– if you are getting your information from the current President, stop because he is an unreliable source and has been most of his life.

I encourage you to check multiple sources. I am often asked where I get my information. Several places – PBS Newshour, BBC World News America, NPR, Reuters, and The Guardian. I read articles from my browser feed which come from The Wall Street Journal, The Washington Post, New York Times, Newsweek, Time, etc. And, my local paper, The Charlotte Observee is a good source for local and state news.

A good sign a news source is reputable is they print errata or correct portions of stories that prove to be inaccurate. Admitting mistakes is a sign of intelligence.

I would also ask people who say inane things about their sources. Our President cites a couple of sources that are known for making things up or creating conspiracies. He even put one on the White House. And, he has actually appeared on one where the host is on record that the Sandy Hook massacre was staged, as an example of his lack of veracity.

Before someone claims fake news, he needs to make sure the things he is saying are legitimate whether it is about his electoral college landslide, voter fraud or unemployment or crime rates.

Being safer is harder when we lose focus

Our new President used fear as one of his key marketing messages to get elected. Let’s face it, fear sells especially to an uninformed audience. He feels obligated to act on those selling points as a show of force – build that wall, limit travel and focus on Islamic terrorists. It is not unlike a gorilla beating on his chest before a fight. They are largely symbolic than effective.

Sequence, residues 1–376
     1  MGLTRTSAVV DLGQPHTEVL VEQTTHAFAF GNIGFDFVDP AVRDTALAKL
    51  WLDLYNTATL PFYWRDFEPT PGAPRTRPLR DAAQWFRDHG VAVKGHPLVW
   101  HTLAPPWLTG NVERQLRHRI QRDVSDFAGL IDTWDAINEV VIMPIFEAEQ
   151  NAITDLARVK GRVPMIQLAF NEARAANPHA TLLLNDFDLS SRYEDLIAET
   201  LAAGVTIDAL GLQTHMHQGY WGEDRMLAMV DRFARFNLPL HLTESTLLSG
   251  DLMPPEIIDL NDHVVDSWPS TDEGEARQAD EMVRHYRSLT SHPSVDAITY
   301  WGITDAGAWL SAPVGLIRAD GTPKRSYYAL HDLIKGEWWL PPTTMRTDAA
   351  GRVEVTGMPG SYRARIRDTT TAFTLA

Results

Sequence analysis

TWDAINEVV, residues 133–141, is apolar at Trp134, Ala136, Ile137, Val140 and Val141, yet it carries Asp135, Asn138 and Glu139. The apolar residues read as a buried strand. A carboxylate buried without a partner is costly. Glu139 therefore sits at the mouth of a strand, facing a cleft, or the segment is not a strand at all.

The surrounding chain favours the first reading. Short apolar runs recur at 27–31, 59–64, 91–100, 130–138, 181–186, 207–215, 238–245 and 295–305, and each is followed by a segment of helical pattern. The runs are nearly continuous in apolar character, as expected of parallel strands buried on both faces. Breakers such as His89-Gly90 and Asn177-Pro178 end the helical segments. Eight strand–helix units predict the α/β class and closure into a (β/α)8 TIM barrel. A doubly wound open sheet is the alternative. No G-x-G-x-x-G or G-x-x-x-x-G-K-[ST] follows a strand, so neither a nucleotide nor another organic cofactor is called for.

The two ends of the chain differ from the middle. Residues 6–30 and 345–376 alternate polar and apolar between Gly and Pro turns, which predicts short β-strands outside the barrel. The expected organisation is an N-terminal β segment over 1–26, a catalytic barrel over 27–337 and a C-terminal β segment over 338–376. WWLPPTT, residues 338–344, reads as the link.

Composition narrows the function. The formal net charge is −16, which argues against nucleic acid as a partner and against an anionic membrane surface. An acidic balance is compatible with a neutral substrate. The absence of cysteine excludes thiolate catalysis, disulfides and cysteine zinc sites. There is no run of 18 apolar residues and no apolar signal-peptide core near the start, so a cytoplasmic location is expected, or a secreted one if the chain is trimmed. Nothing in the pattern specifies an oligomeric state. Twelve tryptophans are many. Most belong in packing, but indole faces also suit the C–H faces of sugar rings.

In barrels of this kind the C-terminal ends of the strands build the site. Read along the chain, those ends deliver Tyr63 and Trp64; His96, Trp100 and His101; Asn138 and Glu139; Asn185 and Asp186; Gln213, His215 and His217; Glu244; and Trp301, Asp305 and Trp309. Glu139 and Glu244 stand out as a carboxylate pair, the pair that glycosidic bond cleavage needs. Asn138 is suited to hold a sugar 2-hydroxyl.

The dilemma is not only are these efforts not going to make us safer, they will actually have the opposite effect. Conservative columnist David Brooks said not only was the travel ban rolled out with equal parts chaos and incompetence, the ban will accomplish nothing except make us look poor in the eyes of the world and be used against us by terrorists. The best defense against extremists is a welcoming and flourishing diverse society.

The same is true with the heightened focus using the words “Islamic Terrorists” at the expense of funding of other terrorism fighting within our borders. Per an editorial in The Charlotte Observer called “In war on terror: look closer to home,” the following quote struck me.